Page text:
I was woken at about 12.30am by a midwife working in the Birth Unit. A patient had arrived in spontaneous labour and her cervix was now fully dilated. But the baby’s head was very high. The midwife told me the head was still at the level the brim of the pelvis. Membranes were still intact. I advised her I would attend.

When I arrived I told Karen I wanted to do a vaginal examination to check and try to determine why the baby’s head was so high. Karen had a very effective epidural and so my examination did not cause her any discomfort.

I confirmed the baby’s head was still at the level the brim of the pelvis. Antenatal ultrasound scans and clinical assessments had indicated an average size baby that should fit through the birth canal. As well there had been no evidence of hydramnios (extra liquor), another possible reason.  On internal examination, I confirmed there was not a brow (forehead) or face presentation, where the diameter of the baby’s head that was presented was too large for vaginal delivery because it was so deflexed. The baby was in an occipito-posterior position which meant a greater degree of deflexion of the head and so a bigger diameter presenting than if it was in an occipito-anterior position. I was also checking there was no umbilical cord below the head. The head was so high and so poorly applied to the pelvic brim that a loop of cord slipping below the head was certainly a possibility. That was not the case. No umbilical cord was felt.

While doing this very thorough vaginal examination between contractions I accidentally ruptured the membranes. It was good this happened as my hand was in the vagina against the baby’s head when this occurred as I was then able to control the flow of liquor, make sure the head was not displaced sideways with the liquor coming out and also minimise the chances of umbilical cord prolapse.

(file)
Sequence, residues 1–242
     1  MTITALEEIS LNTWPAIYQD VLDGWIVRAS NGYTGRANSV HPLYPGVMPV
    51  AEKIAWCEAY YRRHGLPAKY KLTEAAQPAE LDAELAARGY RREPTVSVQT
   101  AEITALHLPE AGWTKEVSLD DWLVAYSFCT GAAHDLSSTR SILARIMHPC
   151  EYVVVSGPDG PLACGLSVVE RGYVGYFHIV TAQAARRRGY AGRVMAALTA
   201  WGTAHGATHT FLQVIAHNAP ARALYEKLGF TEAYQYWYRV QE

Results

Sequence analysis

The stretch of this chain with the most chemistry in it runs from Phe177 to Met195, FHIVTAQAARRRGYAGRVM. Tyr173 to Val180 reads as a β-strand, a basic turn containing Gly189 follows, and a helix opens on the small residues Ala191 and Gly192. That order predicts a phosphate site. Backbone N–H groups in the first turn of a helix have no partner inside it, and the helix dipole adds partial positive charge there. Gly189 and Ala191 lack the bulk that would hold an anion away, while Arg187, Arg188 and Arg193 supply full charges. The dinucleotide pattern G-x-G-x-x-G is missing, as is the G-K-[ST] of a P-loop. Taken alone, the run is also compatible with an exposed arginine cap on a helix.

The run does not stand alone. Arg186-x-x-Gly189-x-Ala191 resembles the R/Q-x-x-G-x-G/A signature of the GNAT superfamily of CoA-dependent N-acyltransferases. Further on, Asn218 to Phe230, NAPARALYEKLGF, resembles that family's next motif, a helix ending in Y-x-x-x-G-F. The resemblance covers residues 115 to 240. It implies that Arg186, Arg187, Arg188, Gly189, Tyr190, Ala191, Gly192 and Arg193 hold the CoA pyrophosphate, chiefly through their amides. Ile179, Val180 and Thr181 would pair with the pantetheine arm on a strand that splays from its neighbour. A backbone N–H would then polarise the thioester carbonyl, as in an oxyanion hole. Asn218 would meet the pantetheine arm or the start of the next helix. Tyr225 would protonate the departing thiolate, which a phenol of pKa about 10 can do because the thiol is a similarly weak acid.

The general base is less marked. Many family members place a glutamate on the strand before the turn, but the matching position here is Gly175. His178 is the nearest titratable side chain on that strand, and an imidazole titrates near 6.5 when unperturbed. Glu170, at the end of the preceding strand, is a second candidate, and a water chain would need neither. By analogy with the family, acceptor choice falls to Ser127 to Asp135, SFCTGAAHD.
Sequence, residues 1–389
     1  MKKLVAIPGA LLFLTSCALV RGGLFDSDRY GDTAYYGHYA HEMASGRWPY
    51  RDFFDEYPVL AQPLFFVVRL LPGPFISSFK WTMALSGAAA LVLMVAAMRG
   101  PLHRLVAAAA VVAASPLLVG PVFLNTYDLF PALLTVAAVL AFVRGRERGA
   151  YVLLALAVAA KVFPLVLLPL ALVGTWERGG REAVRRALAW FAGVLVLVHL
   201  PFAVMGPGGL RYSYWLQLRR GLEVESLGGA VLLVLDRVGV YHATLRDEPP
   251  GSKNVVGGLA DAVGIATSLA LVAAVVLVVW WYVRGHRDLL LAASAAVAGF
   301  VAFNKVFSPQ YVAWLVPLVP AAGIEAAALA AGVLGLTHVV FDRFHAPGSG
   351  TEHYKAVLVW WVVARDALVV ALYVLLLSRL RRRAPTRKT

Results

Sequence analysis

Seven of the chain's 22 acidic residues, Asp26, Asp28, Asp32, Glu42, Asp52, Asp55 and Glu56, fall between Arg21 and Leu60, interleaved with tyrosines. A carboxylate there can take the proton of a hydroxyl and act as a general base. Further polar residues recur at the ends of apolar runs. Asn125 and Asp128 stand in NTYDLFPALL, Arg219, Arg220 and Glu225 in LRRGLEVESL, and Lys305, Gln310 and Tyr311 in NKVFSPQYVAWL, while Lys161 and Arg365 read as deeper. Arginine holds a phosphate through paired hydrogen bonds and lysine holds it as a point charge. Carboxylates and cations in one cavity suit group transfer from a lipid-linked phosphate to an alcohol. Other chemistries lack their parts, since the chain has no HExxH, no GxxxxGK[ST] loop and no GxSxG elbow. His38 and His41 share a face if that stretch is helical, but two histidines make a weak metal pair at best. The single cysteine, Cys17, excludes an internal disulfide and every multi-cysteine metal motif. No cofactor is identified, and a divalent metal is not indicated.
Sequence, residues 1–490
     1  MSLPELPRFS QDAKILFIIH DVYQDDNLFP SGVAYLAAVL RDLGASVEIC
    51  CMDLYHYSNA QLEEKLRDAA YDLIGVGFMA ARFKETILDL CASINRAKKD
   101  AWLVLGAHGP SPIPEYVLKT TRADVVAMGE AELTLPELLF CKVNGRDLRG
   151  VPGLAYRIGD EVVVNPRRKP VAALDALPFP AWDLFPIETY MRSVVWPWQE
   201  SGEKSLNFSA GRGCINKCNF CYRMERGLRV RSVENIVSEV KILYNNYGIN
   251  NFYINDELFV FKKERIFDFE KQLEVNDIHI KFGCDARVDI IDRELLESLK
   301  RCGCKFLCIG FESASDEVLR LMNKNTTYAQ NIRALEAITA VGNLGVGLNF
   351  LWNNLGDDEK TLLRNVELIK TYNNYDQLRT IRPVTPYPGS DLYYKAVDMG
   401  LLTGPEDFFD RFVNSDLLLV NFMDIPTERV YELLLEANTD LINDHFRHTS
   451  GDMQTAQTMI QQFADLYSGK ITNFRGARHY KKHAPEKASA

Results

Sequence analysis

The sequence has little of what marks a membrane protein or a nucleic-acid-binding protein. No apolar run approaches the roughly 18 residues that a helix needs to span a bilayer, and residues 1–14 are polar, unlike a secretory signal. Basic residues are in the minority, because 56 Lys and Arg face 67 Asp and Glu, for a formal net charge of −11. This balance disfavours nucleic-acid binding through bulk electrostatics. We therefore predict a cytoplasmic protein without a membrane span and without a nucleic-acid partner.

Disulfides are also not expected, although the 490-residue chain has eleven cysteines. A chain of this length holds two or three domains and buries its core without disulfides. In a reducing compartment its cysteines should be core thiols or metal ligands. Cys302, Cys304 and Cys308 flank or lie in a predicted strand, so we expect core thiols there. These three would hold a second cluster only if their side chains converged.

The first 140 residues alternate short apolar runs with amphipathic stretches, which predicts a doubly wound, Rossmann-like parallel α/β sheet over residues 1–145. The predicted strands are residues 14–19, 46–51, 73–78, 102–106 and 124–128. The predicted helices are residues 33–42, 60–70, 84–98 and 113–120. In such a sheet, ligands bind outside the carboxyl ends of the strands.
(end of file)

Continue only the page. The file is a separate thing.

After the flow of liquor ceased the head was still at the brim of the pelvis but was better applied. I encouraged Karen to push with the next contraction with my hand remaining in place in the vagina against the head to guide the head and to check progress.

Karen pushed very well. Over the next three contractions with her good pushing she was able to push the baby’s head through the birth canal. The head rotated to occipito-anterior position with descent through the birth canal. Karen had a spontaneous vaginal delivery of a healthy baby girl weighing 3500gms. Karen’s perineum remained intact.

A very unusual presentation with a fabulous outcome.

I frequently get asked in advanced pregnancy: “Is my baby’s head engaged yet?” Often this is because of an erroneous belief that the baby’s head must be engaged before going into labour. This is not the case. ‘Engaged’ is defined as when the widest diameter of the baby’s head is below the level of the brim of the pelvis on abdomen palpation. On internal examination, it is when the top of the head is at the level of the ischial spine, a body landmark on each side of the bony pelvis about halfway down the birth canal.

In Karen’s case, she was in labour, fully dilated and yet the baby’s head had not entered the pelvis!

Many women go into labour without the baby’s head being engaged. It is very common if you have had a vaginal delivery before as the uterus is not as firm and there is less pressure pushing the baby into the birth canal before the onset of labour. As well a baby’s head can be engaged one day and not the next, especially if you have had a vaginal delivery before.

A woman usually knows when her baby’s head is engaged. She feels a lot more pressure in the pelvis and is not as tight in the upper abdomen.

While the baby’s head being engaged is not necessary for the onset of labour or for induction of labour it is encouraging if it is so. An engaged head implies a more efficient and quicker labour. Sometimes, and especially with the first baby, a head that is not engaged at term is due to an occipito-posterior position of the baby. That implies a more difficult labour. In about 65% of cases occipito-posterior rotate to occipito- anterior during descent through the birth canal in labour. Sometimes this rotation happens at the level of the vaginal entrance just before the head delivers.

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